Hurl VR – No, Not That Kind of VR Hurl

One thing is for certain, there are some interesting games out there in VR. Take Hurl VR from developers Rusty Oak, a throwing simulation. Yes, it’s that kind of hurl, not the one most might first associate with VR. So the queasy can rest easy, there is nothing to mess with your inner ear here. Well let’s see what this is all about, shall we?

The description of a throwing simulation may see a bit odd at first, but don’t worry, it’s not just you throwing randomly. The goal in Hurl VR is to take a ball and bounce it off various platforms into a goal. It’s a bit like taking a ping pong ball and throwing it off various surfaces at different angles in succession, almost Rube Goldberg-like. At it’s core though it’s really a fun little physics game. Getting the angles and velocities of your throws just right to complete the chain can be quite satisfying.

All told there are 30 different levels in Hurl VR. They start very simple, just one bounce to the goal, then gradually they add more platforms. Then the platforms get angled. Then some will launch the ball, and of course what would it be without some moving platforms as well. Finally of course come portals.  That does lend to some variety, but all together it took me just a hair above 30 minutes to complete, without any assists. Not the longest play in the world, but at $5 it’s not the most expensive thing either.

So how is that all important throwing simulation? It’s a bit mixed. I struggled to replicate throws with any consistency. I could replicate my throwing motion, but the ball would at times seem to resist doing what it should. It took until the final level until I could pin down what was the cause, the release point. When I released the ball in game at the same point I would a regular ball, the virtual ball would just sort of float. The speed of the controller didn’t seem to matter if I released the ball earlier than the game deemed to be the proper release point.

The optimal release point in the game seemed to be right near the very end of my arm extension. Grab something and throw it, preferably not heavy. A natural throw would have an arm angle that is roughly between 45° and 135°, depending the kind of throw (or the way you’re facing). But a release point at near full extension is just going to fall nearly straight down. But that very end of the arm motion range is what seemed to actually produce consistent and desirable throws in game. Now is that an issue of that release point being off or possibly some input lag? I’m not sure but the longer you hold your throw, seemingly the better.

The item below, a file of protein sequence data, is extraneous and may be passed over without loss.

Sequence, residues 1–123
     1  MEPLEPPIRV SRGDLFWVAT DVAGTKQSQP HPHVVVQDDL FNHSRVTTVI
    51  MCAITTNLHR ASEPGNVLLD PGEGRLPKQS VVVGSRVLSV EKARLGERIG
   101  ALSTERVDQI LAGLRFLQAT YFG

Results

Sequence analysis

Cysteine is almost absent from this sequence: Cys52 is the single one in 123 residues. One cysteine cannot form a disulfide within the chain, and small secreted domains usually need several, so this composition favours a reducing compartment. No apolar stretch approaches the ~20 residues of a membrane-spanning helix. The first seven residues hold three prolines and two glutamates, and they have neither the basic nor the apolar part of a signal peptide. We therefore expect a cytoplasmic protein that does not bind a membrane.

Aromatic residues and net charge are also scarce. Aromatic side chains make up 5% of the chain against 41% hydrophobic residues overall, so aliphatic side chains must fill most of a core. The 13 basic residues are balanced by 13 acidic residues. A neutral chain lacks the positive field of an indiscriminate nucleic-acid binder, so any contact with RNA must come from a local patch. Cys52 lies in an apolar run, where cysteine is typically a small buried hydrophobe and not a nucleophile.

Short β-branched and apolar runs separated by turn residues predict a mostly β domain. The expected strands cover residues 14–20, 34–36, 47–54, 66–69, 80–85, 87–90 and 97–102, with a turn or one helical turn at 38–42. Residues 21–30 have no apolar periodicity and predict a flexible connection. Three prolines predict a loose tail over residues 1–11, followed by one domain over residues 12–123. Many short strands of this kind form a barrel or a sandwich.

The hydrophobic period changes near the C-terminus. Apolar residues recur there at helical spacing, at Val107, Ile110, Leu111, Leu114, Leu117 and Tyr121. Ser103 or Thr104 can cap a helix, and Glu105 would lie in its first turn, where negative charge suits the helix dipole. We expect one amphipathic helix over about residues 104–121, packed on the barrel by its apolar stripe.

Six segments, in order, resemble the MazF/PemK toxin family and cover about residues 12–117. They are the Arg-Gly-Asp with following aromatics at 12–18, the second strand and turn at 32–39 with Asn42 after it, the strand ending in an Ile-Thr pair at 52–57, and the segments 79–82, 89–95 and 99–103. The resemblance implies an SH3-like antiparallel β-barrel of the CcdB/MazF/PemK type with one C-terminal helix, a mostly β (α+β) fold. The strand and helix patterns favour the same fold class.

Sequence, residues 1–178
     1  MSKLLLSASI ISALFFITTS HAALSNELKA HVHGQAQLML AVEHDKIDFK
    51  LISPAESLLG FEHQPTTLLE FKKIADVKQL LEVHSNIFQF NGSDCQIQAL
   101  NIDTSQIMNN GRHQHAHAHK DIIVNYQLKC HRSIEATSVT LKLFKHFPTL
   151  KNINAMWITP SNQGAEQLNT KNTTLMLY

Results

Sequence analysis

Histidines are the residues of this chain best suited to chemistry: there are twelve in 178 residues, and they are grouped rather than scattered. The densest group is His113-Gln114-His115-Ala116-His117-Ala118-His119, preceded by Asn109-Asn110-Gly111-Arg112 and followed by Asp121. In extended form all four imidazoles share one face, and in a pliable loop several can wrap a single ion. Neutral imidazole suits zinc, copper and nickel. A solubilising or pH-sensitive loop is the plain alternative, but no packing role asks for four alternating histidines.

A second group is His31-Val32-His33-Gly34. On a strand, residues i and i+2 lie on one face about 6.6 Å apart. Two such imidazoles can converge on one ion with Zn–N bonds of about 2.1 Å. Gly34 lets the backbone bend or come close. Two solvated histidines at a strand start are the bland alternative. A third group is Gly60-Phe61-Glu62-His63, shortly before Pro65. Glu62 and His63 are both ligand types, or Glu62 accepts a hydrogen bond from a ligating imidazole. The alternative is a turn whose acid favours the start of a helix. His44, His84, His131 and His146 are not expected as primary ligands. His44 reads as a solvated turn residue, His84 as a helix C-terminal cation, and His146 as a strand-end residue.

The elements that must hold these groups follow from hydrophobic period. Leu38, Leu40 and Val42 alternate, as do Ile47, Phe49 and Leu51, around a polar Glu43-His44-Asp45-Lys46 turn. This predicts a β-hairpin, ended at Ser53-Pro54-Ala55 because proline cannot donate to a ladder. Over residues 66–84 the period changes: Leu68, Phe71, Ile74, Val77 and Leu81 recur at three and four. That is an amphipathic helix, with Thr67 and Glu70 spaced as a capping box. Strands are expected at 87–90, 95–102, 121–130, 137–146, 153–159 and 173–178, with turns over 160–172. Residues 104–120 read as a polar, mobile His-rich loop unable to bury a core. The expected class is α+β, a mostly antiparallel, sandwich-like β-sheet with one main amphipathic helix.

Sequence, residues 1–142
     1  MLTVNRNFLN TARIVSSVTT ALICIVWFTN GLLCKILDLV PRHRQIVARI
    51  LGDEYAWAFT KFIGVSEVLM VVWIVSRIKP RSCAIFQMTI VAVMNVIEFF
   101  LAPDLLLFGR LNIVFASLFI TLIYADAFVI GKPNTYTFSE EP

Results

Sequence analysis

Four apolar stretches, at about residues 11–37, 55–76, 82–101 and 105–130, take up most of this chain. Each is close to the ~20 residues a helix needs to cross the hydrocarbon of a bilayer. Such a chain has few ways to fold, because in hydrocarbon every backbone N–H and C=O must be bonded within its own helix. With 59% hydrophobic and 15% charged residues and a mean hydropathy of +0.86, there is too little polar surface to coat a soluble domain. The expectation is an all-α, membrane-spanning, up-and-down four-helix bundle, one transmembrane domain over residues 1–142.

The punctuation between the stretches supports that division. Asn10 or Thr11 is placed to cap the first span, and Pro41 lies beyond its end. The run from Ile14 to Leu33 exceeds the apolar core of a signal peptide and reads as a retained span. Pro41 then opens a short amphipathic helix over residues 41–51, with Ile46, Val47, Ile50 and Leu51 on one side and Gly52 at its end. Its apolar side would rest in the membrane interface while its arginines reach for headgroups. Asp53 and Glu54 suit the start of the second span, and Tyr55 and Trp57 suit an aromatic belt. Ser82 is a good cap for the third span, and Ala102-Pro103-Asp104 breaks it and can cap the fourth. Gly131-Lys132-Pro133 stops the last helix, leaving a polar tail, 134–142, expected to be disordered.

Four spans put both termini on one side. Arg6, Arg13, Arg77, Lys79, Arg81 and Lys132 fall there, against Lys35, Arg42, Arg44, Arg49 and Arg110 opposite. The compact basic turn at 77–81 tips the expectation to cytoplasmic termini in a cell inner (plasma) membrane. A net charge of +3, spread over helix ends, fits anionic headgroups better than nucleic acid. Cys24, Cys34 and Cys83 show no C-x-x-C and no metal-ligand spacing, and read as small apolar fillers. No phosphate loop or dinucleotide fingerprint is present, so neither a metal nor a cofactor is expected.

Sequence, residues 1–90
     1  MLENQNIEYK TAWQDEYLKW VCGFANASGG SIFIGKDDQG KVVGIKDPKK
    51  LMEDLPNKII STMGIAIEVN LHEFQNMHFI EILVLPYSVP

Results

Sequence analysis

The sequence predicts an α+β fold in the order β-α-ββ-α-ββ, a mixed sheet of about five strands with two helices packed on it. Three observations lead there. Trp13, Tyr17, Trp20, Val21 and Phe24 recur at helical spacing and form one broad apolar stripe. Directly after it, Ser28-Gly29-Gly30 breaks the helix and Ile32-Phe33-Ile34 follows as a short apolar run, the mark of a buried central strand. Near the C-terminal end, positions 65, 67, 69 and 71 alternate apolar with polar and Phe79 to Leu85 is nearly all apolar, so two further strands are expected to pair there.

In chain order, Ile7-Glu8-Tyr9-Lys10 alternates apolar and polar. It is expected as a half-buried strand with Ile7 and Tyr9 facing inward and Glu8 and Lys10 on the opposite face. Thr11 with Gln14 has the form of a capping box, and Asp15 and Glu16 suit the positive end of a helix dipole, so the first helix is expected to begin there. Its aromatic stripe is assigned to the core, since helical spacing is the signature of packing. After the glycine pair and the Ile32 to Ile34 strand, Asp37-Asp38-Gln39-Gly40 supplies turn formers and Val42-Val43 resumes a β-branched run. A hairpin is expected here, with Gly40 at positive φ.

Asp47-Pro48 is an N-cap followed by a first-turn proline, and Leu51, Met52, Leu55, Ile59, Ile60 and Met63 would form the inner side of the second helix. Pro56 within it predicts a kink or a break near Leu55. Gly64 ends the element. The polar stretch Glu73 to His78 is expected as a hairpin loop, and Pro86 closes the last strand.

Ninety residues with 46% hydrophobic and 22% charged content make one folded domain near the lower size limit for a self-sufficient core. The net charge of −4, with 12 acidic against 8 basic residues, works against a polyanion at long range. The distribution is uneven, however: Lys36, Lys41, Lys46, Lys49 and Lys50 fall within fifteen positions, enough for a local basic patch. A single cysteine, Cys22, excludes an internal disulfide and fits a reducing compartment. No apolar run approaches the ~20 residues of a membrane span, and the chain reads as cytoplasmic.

Now for whatever reason there may be, if one is having an trouble with a particular level, there are a few assists that can be activated in game. Whether it be stopping moving platforms, making the goal capture the ball further out or adding a trail to follow. I honestly though didn’t see the need to use them. The entire puzzle is predicated on one throw at the very beginning. It shouldn’t take too many throws to hone in on the correct spot to hit that first platform if it isn’t obvious right away. It’s nice to have but probably not very necessary.

Overall though, for the money it is a nice little way to relax and spend some time. Not entirely perfect, but in no way bad either. If you like these sorts of physic type puzzle games, it’s a decent option. While being a fun diversion, I might not go in expecting much more than that. It’s an enjoyable experience that is worth the asking price.

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